Pacific lecturer puts energy drinks to the test

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College students in need of a boost will often turn to energy drinks to provide the strength needed to complete work and study long into the night.

However, do students understand what these drinks are doing to their body?

That is what Dr. May Chen, a lecturer in the Pharmacy and Health Sciences Department at University of Pacific, wants to find out.

Delta students may have seen Chen’s flyers posted around campus with the phrase “CALLING ALL ENERGY DRINK USERS,” in large print.

Chen is asking healthy students from the ages of 18 to 40 who regularly drink energy drinks to participate in her experiment to determine how energy drinks affect one’s cardiometabolic health.

The experiment requires participants to consume two energy drinks per day on a four week basis.

The Food and Drug Administration has cited it is safe for the average adult person to consume 400 milligrams of caffeine per day – the average energy drink contains 80 milligrams, although the amount may vary depending on the brand of drink itself. 

According to the information provided by University of Pacific via the Clinical Trial government registry through the United States National Library of Medicine, Chen will be measuring the participant’s blood pressure, electrocardiographic parameters, blood glucose, cholesterol, weight, body mass index and body fat composition before and after the four week period to observe what changes have occurred.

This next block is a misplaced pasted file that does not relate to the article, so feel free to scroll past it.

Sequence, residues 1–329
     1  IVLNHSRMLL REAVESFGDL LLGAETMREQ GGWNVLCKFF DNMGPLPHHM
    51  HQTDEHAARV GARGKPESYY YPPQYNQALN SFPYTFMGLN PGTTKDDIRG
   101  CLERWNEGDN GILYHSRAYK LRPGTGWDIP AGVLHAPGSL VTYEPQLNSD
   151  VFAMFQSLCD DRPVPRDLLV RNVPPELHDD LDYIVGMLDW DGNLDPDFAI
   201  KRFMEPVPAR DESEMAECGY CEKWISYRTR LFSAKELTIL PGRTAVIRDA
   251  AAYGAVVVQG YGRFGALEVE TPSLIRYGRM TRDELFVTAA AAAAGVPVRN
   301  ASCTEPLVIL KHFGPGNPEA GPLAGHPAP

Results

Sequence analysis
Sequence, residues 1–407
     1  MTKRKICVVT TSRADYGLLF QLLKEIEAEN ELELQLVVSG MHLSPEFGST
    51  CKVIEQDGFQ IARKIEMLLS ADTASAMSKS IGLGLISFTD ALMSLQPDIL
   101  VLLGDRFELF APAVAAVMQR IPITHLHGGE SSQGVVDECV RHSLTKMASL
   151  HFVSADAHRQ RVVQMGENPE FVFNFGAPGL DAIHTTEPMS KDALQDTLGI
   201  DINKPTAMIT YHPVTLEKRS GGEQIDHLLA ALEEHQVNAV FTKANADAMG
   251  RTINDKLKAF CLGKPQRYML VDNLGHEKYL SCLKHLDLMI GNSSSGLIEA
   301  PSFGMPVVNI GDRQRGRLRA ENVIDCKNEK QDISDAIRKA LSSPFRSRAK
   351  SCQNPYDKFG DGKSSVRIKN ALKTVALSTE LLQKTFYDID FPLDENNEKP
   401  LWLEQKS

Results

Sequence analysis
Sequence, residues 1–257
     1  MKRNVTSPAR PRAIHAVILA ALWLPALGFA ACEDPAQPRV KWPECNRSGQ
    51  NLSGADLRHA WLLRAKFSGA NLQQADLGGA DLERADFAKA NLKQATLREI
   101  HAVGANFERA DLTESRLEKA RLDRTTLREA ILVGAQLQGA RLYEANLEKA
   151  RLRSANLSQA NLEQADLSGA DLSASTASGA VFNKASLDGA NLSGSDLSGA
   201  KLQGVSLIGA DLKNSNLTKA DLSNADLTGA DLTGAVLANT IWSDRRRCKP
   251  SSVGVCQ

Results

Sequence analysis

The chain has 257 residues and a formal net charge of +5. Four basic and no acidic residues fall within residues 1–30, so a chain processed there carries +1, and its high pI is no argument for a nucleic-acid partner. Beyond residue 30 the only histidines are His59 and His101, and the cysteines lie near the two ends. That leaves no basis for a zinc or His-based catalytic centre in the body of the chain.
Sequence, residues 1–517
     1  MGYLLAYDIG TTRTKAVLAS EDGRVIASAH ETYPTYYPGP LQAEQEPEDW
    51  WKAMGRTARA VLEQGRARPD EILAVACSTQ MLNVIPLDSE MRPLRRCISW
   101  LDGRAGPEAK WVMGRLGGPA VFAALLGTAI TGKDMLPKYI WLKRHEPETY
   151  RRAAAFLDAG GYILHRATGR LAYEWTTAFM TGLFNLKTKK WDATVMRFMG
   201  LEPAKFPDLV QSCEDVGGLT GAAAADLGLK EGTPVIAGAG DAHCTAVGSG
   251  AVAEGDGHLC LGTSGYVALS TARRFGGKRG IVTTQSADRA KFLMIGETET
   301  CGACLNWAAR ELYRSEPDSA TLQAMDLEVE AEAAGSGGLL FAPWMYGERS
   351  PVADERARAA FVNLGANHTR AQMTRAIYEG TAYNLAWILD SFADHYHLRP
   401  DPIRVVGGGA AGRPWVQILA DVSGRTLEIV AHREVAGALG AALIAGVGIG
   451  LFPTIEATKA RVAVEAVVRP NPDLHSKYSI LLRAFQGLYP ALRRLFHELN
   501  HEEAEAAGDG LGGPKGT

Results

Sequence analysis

The project’s completion date is slated as December.

Very little is known about energy drinks themselves despite the fact that they are so popular.

Energy drinks contain large amounts of sugar as well as stimulants like taurine and guarana which is what allow energy drinks to increase our awareness.

However, the Center for Disease Control states these stimulants can also increase a person’s blood pressure and heart rate, lead to dehydration, and make a person experience anxiety and insomnia.

There have been reports of extreme energy drink consumption landing people in hospitals.

The Substance Abuse and Mental Health Services Administration said there has been a doubling of emergency visits related to energy drink use from 2007 to 2011.

While there’s some evidence of the harmful effect of energy drinks, there’s still much left to be discovered and this experiment can answer this question: how do energy drinks affect a person who drinks them every single day?

Those who are interested in participating in the experiment can contact Chen by sending an email at mchen2@pacific.edu or calling her at (209) 932-2959. 

Participants must be healthy individuals from the ages of 18 to 40 that are not taking any medication or pregnant.

Those who do participate are promised a $50 gift card on completion of the experiment.

Energy drinks might be a college student’s best friend during finals week, but it would be beneficial to learn just how harmful these drinks can be on our bodies before we become too dependent on them.